Endometritis

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Endometritis
Classification and external resources
Endometritis - 2 - cropped - very high mag.jpg
Micrograph showing a chronic endometritis with the characteristic plasma cells. Scattered neutrophils are also present. H&E stain.
ICD-10 N71
ICD-9 615.9
DiseasesDB 4283
MedlinePlus 001484
eMedicine med/676 ped/678
MeSH D004716

Endometritis refers to inflammation of the endometrium,[1] the inner lining of the uterus. Pathologists have traditionally classified endometritis as either acute or chronic: acute endometritis is characterized by the presence of microabscesses or neutrophils within the endometrial glands, while chronic endometritis is distinguished by variable numbers of plasma cells within the endometrial stroma. The most common cause of endometritis is infection. Symptoms include lower abdominal pain, fever and abnormal vaginal bleeding or discharge. Caesarean section, prolonged rupture of membranes and long labor with multiple vaginal examinations are important risk factors. Treatment is usually with broad-spectrum antibiotics.

The term "endomyometritis" is sometimes used to specify inflammation of the endometrium and the myometrium.[2]

Acute Endometritis[edit]

Acute Endometritis is characterized by infection. The organisms isolated are most often infection are believed to be because of compromised abortions, delivery, medical instrumentation, and retention of placental fragments.[3] Histologically, neutrophilic infiltration of the endometrial tissue is present during acute endometritis. The clinical presentation is typically high fever and purulent vaginal discharge. Menstruation after acute endometritis is excessive and in uncomplicated cases can resolve after 2 weeks of clindamycin and gentamicin IV antibiotic treatment.

In certain populations, it has been associated with Mycoplasma genitalium.[4]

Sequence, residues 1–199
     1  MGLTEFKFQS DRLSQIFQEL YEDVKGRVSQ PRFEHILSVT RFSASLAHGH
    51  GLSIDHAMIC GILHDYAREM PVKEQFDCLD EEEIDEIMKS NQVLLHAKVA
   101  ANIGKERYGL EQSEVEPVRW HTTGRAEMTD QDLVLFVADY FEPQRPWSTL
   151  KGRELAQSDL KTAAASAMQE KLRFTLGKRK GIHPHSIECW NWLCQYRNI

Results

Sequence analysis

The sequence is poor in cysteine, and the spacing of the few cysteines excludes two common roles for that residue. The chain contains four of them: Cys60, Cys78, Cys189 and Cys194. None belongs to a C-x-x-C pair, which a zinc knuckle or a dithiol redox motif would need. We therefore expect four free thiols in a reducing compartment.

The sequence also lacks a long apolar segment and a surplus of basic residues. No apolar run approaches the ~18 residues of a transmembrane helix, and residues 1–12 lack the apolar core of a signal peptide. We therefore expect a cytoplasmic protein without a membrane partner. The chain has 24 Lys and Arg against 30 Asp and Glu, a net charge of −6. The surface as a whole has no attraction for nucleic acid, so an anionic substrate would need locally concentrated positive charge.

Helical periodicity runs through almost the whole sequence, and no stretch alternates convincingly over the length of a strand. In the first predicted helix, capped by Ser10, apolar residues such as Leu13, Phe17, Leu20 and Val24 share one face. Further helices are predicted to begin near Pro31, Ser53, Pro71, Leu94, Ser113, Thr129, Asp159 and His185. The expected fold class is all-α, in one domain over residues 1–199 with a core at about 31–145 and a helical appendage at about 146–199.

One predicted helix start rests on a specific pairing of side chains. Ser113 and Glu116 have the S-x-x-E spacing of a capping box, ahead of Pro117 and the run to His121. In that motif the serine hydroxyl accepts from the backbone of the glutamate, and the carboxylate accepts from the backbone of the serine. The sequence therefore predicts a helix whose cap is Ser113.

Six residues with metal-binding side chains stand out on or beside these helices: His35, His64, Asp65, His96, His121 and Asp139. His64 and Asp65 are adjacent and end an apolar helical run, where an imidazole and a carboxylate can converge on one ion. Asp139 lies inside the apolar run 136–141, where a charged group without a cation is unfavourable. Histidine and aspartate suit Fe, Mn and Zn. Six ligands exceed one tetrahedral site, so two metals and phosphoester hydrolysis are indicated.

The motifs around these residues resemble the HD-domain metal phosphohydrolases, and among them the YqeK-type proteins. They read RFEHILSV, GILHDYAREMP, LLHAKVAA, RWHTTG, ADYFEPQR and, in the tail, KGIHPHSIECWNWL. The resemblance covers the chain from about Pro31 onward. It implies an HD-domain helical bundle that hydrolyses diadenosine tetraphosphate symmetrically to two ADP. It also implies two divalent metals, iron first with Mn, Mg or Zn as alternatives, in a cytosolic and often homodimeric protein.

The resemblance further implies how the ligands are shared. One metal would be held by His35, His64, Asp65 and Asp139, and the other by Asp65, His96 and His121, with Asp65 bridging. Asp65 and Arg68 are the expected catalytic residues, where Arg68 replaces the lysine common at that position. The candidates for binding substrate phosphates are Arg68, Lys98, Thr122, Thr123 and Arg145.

Chronic Endometritis[edit]

Chronic Endometritis is characterized by the presence of plasma cells in the stroma. Lymphocytes, eosinophils, and even lymphoid follicles may be seen, but in the absence of plasma cells, are not enough to warrant a histologic diagnosis. It may be seen in up to 10% of all endometrial biopsies performed for irregular bleeding. The most common organisms are Chlamydia trachomatis (chlamydia), Neisseria gonorrhoeae (gonorrhea), Streptococcus agalactiae (Group B Streptococcus), Mycoplasma hominis, tuberculosis, and various viruses. Most of these agents are capable of causing chronic pelvic inflammatory disease (PID). Patients suffering from chronic endometritis may have an underlying cancer of the cervix or endometrium (although infectious etiology is more common). Antibiotic therapy is curative in most cases (depending on underlying etiology), with fairly rapid alleviation of symptoms after only 2 to 3 days.

Chronic granulomatous endometritis is usually caused by tuberculous. The granulomas are small, sparse, and without caseation. The granulomas take up to 2 weeks to develop and since the endometrium is shed every 4 weeks, the granulomas are poorly formed.

In human medicine, pyometra (also a veterinary condition of significance) is regarded as a form of chronic endometritis seen in elderly women causing stenosis of the cervical os and accumulation of discharges and infection. Symptom in chronic endometritis is blood stained discharge but in pyometra the patient complaints of lower abdominal pain.

Pyometra[edit]

Main article: Pyometra

Pyometra describes an accumulation of pus in the uterine cavity. In order for pyometra to develop, there must be both an infection and blockage of cervix. Signs and symptoms include lower abdominal pain (suprapubic), rigors, fever, and the discharge of pus on introduction of a sound into the uterus. Pyometra is treated with antibiotics, according to culture and sensitivity.

See also[edit]

References[edit]

  1. ^ "endometritis" at Dorland's Medical Dictionary
  2. ^ Hubert Guedj; Baggish, Michael S.; Valle, Rafael Heliodoro (2007). Hysteroscopy: visual perspectives of uterine anatomy, physiology, and pathology. Hagerstwon, MD: Lippincott Williams & Wilkins. p. 488. ISBN 0-7817-5532-8. 
  3. ^ http://www.pregmed.org/endometritis.htm
  4. ^ Cohen CR, Manhart LE, Bukusi EA, et al. (March 2002). "Association between Mycoplasma genitalium and acute endometritis". Lancet 359 (9308): 765–6. doi:10.1016/S0140-6736(02)07848-0. PMID 11888591.